“I don’t know how much being a researcher has to do with my own wary attitude towards love,” Thacker says with a chuckle, “but I appreciate you giving me a good excuse, there. ‘Course, we try to categorize it anyways, and sometimes it helps make sense of things. Most people feel different sorts of love, like how Sylvain’s feelings for you are different than her feelings for Aubrey, or for John Denver.”

(That’s almost enough to win him a laugh. When Thacker shook the Quell from his mind back in Kepler, some things remained, for both of them. He still can’t quite believe that meant psychic powers on his end and the lyrics to “Country Roads” on hers. On the first day of their journey, he caught her humming the verses softly to herself. Well, maybe herself; maybe the planet beneath them. Apparently, she’d sung it to her partner-in-everything after their reunion, and Sylvain—the ground he walked on! the life he’d devoted himself to!—not only remembered it from her time on Earth, but liked it so much that the young Interpreter began complaining it was always stuck in her head.)

Encouraged, Thacker goes on. “You can love a story, or a critter, or a place, but a lot of the time it seems to come back to people. Folks may say they love their families, their friends, their partners, themselves. Most of them differentiate between loving someone and being in love with someone, to get...semantical.” 

She nods, eyes trained on him intently. It’s funny—they’ve only encountered a few people on the road, but Thacker’s noticed that his companion never meets anyone else's gaze. Maybe she thinks her stare (not quite Sylvan, not quite human, not quite safe) might make them uneasy. Or maybe she doesn’t believe she’s earned it. But when she's talking to him, she almost never breaks eye contact. And he has to admit, it feels nice to be seen.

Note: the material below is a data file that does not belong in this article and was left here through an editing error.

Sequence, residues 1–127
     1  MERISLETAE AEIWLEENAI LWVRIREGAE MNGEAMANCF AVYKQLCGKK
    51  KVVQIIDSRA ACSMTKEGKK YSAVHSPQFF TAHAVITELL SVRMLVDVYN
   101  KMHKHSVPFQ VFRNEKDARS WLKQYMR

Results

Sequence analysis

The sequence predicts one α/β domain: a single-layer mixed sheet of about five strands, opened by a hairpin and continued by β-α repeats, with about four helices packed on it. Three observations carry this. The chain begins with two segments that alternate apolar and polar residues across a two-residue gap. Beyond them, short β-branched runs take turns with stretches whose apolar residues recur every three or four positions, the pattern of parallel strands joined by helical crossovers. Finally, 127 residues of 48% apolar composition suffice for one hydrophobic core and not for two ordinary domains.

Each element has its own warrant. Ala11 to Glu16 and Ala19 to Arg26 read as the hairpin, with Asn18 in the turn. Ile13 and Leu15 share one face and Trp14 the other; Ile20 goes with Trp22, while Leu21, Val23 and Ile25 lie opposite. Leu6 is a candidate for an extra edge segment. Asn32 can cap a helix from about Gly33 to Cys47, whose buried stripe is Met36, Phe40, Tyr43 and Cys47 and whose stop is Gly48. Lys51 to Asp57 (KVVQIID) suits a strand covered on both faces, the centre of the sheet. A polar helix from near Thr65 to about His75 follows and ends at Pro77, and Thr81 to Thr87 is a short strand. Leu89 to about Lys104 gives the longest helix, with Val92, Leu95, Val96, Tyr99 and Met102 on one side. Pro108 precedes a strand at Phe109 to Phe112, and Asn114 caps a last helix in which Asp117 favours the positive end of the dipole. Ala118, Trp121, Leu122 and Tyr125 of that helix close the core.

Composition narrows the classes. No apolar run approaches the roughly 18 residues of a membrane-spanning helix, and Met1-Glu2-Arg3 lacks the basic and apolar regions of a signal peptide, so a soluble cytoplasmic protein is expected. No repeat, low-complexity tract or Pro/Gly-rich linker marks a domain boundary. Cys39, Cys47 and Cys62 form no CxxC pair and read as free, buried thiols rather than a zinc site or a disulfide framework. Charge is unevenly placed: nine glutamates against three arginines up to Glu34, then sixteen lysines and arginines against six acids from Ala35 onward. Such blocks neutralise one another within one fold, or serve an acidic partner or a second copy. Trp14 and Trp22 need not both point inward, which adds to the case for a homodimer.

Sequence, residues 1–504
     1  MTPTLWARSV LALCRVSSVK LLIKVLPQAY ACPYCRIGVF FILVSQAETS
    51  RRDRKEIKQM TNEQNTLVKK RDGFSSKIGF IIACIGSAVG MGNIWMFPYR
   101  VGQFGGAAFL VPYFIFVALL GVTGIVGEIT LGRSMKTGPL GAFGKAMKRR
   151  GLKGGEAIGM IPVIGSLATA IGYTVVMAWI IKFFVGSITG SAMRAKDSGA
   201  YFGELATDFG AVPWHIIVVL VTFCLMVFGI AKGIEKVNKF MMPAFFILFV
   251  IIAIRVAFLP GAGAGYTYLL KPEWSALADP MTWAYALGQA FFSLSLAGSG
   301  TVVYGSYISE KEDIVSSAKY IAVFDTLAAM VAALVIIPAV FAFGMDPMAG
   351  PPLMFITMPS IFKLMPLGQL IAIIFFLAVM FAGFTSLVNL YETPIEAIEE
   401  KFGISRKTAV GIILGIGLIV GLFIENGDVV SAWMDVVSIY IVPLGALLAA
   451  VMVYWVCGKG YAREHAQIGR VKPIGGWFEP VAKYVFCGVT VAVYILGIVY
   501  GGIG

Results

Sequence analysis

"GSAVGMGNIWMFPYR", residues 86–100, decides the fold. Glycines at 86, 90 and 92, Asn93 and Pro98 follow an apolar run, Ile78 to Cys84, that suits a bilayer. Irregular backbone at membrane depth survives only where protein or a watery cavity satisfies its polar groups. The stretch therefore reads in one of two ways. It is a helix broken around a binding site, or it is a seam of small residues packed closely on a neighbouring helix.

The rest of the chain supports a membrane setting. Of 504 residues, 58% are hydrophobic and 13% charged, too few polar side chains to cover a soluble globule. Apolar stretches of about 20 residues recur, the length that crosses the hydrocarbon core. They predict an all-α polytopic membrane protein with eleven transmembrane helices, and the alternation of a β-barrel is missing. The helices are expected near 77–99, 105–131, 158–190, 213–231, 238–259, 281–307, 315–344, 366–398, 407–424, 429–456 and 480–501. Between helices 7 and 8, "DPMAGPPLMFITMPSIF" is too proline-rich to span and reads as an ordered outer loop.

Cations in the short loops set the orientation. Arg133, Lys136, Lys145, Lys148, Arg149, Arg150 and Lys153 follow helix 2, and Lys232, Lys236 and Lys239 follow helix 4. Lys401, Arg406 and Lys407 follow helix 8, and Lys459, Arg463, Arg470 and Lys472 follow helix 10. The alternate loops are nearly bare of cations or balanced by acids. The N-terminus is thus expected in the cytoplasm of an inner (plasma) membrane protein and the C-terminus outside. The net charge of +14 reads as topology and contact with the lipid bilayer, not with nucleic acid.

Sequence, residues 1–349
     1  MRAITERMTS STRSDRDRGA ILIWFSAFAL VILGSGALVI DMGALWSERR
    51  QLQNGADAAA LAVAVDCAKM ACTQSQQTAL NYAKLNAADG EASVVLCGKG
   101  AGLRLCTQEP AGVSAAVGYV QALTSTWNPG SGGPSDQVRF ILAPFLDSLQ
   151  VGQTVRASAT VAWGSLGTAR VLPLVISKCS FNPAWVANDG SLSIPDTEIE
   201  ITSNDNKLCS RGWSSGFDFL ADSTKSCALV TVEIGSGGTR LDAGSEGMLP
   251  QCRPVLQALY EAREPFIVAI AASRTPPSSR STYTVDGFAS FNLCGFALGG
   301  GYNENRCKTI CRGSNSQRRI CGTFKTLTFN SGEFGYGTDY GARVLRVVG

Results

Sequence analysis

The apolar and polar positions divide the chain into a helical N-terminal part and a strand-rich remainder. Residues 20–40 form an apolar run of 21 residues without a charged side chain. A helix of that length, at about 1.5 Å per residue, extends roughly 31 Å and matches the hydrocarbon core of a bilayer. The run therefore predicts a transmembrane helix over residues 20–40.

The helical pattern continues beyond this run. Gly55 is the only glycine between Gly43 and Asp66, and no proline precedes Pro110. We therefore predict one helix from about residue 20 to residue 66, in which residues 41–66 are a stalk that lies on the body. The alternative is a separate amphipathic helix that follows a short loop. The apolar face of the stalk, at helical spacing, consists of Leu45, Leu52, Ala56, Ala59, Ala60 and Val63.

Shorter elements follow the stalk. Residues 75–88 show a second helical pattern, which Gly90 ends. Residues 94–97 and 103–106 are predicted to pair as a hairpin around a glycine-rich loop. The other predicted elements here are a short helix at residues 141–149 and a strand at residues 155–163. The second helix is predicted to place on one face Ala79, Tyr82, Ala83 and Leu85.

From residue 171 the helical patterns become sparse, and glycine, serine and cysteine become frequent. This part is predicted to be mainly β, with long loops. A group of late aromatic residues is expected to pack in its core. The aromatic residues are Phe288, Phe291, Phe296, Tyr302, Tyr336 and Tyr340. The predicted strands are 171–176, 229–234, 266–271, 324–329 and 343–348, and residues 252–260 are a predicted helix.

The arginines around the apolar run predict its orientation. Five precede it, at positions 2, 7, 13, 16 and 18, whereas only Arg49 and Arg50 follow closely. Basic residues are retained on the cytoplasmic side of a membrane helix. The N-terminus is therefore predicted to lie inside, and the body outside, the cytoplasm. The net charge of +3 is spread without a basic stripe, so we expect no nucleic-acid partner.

So he smiles and keeps speaking. “Me, I’ve never been much of one for the latter. I don’t care for personal labels much—bit ironic for a man who’s dedicated his life to cataloging things, I suppose. But I guess you could say I’m aromantic. That’s the word Aubrey gave me for it, anyways, and it seems to fit right. Probably asexual, too, although that’s a different matter. Point is, I don’t really go in for love in the romantic sense. So I get why you're curious about all of this—trying to grasp a sort of emotion, attraction, whatever  that you’re not really wired for, or never even had the chance to think about, can be messy. It can feel...well, sometimes it can feel like you’re just wrong, because you don’t understand this thing that’s supposedly the be-all and end-all. But I’ve never been much of a believer in end-alls.” 

He says the last part with a chuckle. Maybe love did get some folks through this apocalypse, but Thacker’s banking on laughter to carry him through its aftermath. 

“Yes, I learned that the hard way,” the traveler says wryly. “And I don’t think I’ll ever be able to thank you enough for it—even if I’m not sure I can forgive you, either.”

She’s still looking up at him. Thacker turns away, scanning the path ahead. “Well,” he begins, gently as he can, “I’m not the one you’re out here learning to forgive.” 

They walk together in silence through the sunrise.